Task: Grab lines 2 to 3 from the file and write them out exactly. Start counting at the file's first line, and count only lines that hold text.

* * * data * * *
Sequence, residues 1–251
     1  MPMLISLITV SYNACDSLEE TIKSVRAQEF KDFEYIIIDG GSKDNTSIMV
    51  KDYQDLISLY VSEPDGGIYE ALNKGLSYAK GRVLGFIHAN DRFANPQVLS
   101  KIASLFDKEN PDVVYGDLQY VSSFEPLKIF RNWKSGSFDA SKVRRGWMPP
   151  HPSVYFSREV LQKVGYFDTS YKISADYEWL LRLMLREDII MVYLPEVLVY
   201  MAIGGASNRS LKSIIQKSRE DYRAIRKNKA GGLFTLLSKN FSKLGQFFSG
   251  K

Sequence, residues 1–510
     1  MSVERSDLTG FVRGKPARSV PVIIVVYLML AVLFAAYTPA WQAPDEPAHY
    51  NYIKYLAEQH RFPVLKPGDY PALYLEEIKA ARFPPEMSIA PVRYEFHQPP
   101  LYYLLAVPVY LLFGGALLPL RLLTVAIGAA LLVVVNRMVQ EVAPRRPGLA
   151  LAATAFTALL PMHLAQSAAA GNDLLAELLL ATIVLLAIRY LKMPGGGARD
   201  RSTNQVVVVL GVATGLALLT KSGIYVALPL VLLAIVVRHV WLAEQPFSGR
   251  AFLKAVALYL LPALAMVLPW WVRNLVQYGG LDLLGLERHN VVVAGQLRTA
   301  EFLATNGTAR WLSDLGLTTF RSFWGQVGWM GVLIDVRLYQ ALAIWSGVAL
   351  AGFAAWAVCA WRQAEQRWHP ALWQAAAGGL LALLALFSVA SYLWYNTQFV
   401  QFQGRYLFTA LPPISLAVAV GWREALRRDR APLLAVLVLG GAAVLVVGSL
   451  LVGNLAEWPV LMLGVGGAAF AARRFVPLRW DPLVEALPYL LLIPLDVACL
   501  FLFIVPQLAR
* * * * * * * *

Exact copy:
     1  MPMLISLITV SYNACDSLEE TIKSVRAQEF KDFEYIIIDG GSKDNTSIMV
    51  KDYQDLISLY VSEPDGGIYE ALNKGLSYAK GRVLGFIHAN DRFANPQVLS